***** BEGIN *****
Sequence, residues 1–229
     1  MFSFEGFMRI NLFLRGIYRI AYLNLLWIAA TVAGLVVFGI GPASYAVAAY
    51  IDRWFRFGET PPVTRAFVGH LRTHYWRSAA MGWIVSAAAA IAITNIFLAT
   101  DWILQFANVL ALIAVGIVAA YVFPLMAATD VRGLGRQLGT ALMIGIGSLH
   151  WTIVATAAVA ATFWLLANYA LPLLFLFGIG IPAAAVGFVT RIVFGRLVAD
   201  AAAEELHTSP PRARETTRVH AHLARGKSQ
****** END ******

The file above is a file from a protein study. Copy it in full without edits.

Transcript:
Sequence, residues 1–229
     1  MFSFEGFMRI NLFLRGIYRI AYLNLLWIAA TVAGLVVFGI GPASYAVAAY
    51  IDRWFRFGET PPVTRAFVGH LRTHYWRSAA MGWIVSAAAA IAITNIFLAT
   101  DWILQFANVL ALIAVGIVAA YVFPLMAATD VRGLGRQLGT ALMIGIGSLH
   151  WTIVATAAVA ATFWLLANYA LPLLFLFGIG IPAAAVGFVT RIVFGRLVAD
   201  AAAEELHTSP PRARETTRVH AHLARGKSQ